The Speed of Summer

This has been the summer of slow: of washing the morning’s dishes; scraping and sweeping up Cocoa Pebbles off the ceramic kitchen tiles; straightening the throw pillows on the couch again; hanging pool towels on the line. There have been days when I wanted to scream, when I wished for salvation in the form of a plane ticket to Philadelphia paid for by my mother. There have been days I’ve feebly attempted to convince my 12 year old to wake up before 11 so we can spend a morning off the kibbutz doing “something,” but he’s never acquiesced and I’ve never pushed it.

It is August now, and we’ve done nothing, he and I. It is August, and we’re closer now to the end of the summer than the beginning.

Read more of this post at The Times of Israel.

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Throw my suitcase out there, too

The best coworker I ever had was the one who every morning sat with me for a half hour while drinking our morning coffee and did dream analysis with me.

She was good.

So was I.

Coffee + dream analysis = best way to start the morning.

I’m pretty decent on my own, but it’s more fun to analyze your dreams with a friend. I also really enjoy showing people the obvious connections they are missing. It’s pretty hilarious as a listener to understand immediately that your friend is simply exploring her fear of intimacy in her dreams of lesbian sex with the boss, when she can hardly sputter out the words, “sex with….”

Anyway, last night I had a version of a recurring dream I’ve had since moving to Israel 3 1/2 years ago. It was a few hours after waking, however, during shavasana (the deep relaxation at the end of yoga class) that I understood it. When I got it, though, I laughed out loud it was so obvious. Had I shared it over coffee with an experienced dream analyzer, she would have understood it in 30 seconds.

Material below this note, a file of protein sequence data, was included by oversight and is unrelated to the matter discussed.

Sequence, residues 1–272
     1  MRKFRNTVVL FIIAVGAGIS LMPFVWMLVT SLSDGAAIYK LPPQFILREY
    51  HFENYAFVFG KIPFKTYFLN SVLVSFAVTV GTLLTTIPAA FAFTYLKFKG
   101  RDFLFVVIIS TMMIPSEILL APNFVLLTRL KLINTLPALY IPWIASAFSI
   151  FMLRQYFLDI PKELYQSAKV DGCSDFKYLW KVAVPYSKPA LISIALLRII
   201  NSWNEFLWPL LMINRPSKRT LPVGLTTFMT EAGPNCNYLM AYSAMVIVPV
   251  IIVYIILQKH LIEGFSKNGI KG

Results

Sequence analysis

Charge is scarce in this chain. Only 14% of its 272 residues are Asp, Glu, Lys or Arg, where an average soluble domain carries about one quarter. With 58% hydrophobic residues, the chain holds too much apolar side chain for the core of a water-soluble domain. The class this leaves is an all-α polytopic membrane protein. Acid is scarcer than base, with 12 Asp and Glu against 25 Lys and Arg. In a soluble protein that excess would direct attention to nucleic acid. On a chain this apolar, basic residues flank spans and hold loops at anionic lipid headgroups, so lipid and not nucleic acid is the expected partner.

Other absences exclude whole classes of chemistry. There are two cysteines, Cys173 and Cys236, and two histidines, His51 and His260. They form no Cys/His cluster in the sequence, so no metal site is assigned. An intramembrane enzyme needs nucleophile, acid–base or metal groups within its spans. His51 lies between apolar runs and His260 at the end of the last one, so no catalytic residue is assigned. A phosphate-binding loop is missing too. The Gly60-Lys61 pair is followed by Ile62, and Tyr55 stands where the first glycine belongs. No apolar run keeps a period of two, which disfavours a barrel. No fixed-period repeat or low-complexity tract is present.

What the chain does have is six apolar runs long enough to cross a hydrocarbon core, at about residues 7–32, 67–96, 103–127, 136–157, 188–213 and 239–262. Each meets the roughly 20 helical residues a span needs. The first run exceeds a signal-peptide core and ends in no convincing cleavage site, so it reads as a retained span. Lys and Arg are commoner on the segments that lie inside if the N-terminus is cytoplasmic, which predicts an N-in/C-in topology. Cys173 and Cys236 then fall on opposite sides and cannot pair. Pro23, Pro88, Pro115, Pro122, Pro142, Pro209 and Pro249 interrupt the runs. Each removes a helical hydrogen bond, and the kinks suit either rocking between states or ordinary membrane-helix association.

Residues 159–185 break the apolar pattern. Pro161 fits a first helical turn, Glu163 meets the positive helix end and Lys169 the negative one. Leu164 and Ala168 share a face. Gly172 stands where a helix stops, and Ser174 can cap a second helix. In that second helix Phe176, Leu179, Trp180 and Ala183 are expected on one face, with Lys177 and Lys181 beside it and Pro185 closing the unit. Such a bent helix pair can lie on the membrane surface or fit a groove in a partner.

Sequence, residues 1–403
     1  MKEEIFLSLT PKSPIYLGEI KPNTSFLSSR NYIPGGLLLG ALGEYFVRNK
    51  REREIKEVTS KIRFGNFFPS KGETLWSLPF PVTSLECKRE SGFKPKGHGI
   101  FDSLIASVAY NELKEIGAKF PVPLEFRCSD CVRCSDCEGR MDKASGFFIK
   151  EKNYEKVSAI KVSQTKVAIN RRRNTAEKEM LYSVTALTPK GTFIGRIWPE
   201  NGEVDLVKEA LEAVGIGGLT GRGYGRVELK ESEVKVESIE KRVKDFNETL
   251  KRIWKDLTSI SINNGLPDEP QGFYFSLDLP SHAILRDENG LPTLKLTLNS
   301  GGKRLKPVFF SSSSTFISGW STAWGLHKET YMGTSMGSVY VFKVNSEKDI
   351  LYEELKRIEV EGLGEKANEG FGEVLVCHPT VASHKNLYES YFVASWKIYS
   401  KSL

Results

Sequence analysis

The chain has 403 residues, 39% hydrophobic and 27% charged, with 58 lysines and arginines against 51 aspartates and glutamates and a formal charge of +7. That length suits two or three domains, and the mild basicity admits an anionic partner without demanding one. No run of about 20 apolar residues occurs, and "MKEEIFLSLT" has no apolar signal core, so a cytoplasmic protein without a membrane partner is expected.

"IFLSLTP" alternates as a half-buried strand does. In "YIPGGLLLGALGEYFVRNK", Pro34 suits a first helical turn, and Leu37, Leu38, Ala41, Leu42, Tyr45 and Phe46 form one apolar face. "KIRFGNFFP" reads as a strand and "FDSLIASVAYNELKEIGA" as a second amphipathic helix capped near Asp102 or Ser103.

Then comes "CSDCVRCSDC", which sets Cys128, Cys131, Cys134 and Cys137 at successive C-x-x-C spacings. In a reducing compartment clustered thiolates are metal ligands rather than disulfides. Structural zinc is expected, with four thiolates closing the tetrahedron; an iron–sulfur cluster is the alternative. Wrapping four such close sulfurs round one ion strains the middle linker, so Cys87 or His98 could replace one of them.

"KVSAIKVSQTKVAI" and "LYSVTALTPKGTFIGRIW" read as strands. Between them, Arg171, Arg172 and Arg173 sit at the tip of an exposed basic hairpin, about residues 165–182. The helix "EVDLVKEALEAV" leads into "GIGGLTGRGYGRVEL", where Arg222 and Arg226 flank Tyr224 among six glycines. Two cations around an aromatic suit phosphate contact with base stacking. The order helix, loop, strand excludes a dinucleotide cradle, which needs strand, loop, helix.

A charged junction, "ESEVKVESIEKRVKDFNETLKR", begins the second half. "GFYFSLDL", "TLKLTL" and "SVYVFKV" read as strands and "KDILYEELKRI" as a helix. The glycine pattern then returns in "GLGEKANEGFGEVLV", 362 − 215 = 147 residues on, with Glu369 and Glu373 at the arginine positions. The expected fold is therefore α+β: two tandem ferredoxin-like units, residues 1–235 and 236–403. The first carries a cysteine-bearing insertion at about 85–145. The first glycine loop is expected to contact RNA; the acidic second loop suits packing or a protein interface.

In the dream, I am in my childhood bedroom. I am an adult. I am there with two black duffel bags. I am packing for Israel. I realize that I have forgotten to pack my childhood books to send on the cargo shipment by boat. The books will certainly put me over the 50 lb weight limit the airline allows. I also realize a lot of my clothes are still in the drawers. Clothes I could use in Israel. Thick socks and the like.

I start making piles.

Piles to bring. Piles to part with.

Some items are easier to put in the “part with” pile than others.

I resent this process. I want it all to come with me. Not the old, stretched out long sleeve tees, but I want the socks and the books. Why should I have to leave them behind?

I notice, too, the formica furniture set is still in really good condition and I wonder why we didn’t ship it to Israel. We could have used it there.

But the furniture, I am able to let go of pretty easily. Not the books, though. I continue to make piles.

Image courtesy Wikipedia Commons.

Image courtesy Wikipedia Commons.

My 5 year old daughter appears. She has some extra room in her duffel. She lets me put books in there. I am grateful. I rearrange some of her clothes to make more room. I wish I had a bigger bag — a large sturdy suitcase would allow for more weight than this duffel.

Suddenly, I am on the plane. I have a white cardboard box, the kind you use to store files, and it’s filled with paperback books. I am able to lift it up into the overhead compartment despite its weight. I worry the flight attendant will call me out on this, but she does not. Instead, she gives me a resigned look and allows it.

I wake up.

Feel free to leave your dream in the comments and I will be happy to give you my analysis in return.

Thanks to Corvidae in the Fields for inspiring this post with his recent one on the “Cube test.

 

In the dark

I was one of those kids who was afraid of the dark.

Now, when I say “one of those kids” I do pause for a moment and wonder what kid isn’t afraid of the dark.

What adult isn’t still?

I think most of us are afraid of the dark. Even grownups.  We just pretend we’re not or drug ourselves or sex ourselves up to believe otherwise. We do something to smother the very innate fear we have of unknown monsters creeping like fog through the slats of our windows or more corporeal, through a locked door with the help of a plastic credit card.